Dante A. Swain and Carlos M. Byrd -- two of eight Job Corps students killed Feb. 16 in the fiery train crash in Silver Spring -- were remembered yesterday for their youthful exuberance and their once-promising futures.
Hundreds of mourners said goodbye in separate West Baltimore churches a short distance apart. Many attended both services, including Mayor Kurt L. Schmoke, who praised the young men, both 18, for working toward better lives.
Mr. Swain had completed carpentry training and had received a long-sought General Educational Development high school equivalency diploma in the Job Corps program.
Mr. Byrd, also known as Little Sterling, was working on his GED, nurse's aide certification and driver's license.
"He was a jolly, humble type of young man," said George Jackson, a National Park Service officer who was Mr. Byrd's dormitory manager and accompanied several students to his memorial service at the Cornerstone Church of Christ on Park Heights Avenue. "I'm going to miss him. He was a nice boy," said Goldie Alexander, 21, of Pittsburgh, who had known Mr. Byrd for five months at the Harpers Ferry, W.Va., Jobs Corps campus.
Flowers covered Mr. Byrd's blue casket. A handful of white-and-blue balloons and a white teddy bear perched nearby were reminders of his youth.
The service ended with a moving rendition of the song "It's So Hard to Say Goodbye," which brought tears to many eyes.
Mr. Byrd is survived by his parents, Rosa and Goldon Byrd III of Baltimore; a sister, Lisa Byrd; two brothers, Robert Byrd and Tony Winegard; and his dog, Butch.
In addition to caring for his pet, he was known for nurturing a variety of animals, including a guinea pig, gerbils, a snake and birds, his family said.
His dreams included going to college and driving a gold Acura Legend.
To Denise Trusty of Baltimore and her son, Daron Phillips, 16, a Job Corps student, it was important to attend both funerals.
tTC "It's rough," said Ms. Trusty, whose son was supposed to be on the MARC train the night it collided with the Amtrak train but who, at the last minute, stayed in Harper's Ferry. "I've been in touch with the mothers. My heart goes out to them. I have my son. They don't have theirs."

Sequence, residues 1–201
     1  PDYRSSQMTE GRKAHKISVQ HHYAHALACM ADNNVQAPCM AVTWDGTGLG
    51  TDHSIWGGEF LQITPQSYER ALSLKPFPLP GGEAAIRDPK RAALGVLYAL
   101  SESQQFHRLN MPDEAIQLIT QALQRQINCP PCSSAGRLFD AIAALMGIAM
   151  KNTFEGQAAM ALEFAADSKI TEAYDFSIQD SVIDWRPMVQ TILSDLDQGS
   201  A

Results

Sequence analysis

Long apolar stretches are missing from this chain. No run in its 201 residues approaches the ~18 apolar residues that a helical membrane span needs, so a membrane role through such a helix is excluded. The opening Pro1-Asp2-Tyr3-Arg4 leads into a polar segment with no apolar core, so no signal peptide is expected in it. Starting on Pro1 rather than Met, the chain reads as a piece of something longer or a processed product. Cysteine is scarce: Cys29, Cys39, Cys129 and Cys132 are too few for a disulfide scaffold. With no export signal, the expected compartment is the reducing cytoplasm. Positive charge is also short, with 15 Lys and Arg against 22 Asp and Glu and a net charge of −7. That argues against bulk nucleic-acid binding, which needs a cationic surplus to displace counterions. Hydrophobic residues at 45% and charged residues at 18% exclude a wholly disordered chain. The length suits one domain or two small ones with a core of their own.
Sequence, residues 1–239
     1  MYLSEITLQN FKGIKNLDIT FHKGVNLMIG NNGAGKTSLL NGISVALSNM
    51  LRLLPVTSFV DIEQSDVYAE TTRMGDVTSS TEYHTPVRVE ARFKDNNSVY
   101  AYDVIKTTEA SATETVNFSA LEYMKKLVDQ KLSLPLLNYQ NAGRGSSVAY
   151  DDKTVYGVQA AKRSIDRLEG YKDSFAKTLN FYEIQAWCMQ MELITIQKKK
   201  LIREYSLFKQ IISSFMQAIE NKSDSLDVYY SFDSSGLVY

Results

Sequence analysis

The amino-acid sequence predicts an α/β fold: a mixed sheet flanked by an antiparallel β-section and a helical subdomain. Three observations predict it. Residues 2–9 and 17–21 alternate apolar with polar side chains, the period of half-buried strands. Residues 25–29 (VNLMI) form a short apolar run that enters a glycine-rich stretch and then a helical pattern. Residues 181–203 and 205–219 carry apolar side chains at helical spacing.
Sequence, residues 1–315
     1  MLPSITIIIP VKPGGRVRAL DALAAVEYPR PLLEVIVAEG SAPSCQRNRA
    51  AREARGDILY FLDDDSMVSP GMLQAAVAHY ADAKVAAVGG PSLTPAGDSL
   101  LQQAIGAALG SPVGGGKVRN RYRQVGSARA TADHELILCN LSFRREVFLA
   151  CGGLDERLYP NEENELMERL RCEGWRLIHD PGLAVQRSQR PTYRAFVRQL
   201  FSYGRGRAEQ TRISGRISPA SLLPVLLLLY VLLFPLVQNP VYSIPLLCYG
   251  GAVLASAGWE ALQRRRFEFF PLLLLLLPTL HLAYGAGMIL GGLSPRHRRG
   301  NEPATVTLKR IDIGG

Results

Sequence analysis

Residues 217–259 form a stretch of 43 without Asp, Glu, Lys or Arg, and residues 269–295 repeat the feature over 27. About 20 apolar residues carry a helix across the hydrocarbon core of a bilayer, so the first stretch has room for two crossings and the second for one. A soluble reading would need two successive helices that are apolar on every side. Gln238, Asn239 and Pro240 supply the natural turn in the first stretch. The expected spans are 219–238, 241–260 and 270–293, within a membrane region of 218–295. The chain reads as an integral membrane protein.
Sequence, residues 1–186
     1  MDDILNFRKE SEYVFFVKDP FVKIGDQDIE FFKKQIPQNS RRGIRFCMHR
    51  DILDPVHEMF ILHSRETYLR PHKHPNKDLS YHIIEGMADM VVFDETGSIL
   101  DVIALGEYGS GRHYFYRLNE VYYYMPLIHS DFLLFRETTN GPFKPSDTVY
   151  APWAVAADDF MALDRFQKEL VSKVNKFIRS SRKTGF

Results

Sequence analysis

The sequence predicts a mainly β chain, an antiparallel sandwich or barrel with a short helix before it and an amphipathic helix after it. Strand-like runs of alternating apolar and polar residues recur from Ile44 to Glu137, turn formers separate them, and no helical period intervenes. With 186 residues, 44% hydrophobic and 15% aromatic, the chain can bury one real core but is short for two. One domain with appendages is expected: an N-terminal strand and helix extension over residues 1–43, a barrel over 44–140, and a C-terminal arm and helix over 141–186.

At Mount Zion Apostolic Faith Church on Liberty Heights Avenue, a dozen helium-filled, white balloons created an arch over Mr. Swain's flower-laden wood casket. Friends and relatives recalled him as a quiet, well-mannered young man who always said, "Yes, ma'am" and "No, ma'am."
A lifelong member of the church, Mr. Swain played drums for the Zioneers Gospel Singers, who offered rousing songs during the service. But basketball was his favorite pastime.
"He was on the varsity team," said Job Corps student Kevin Fisher, 22, of West Baltimore. "He was an uplifting, real person. He kept us strong."
Mr. Swain is survived by his parents, Marjorie and John A. Swain Jr. of Baltimore; a brother, John A. Swain III; a sister, Marquetta A. Swain; and his grandparents, Annie E. Wilson and Della Swain of Windsor, N.C.
"He was like a son to me," Douglas McNeil, a church elder, told the congregation. "Dante will be a memory in our lives for a long time."
The two deaths inspired Job Corps student, Edward Brown, 22, of Baltimore to write a poem that was read at Mr. Swain's service. Titled "Free," Mr. Brown's words offered this solace: "They're not lost. They're free. Free from sickness, pain and hurt."
On one of winter's sunniest days, both teens were buried at the same cemetery -- King Memorial Park in Woodlawn.
Services also were held yesterday for another Job Corps victim, Lakeisha Marshall, 17, of Capitol Heights, Prince George's County.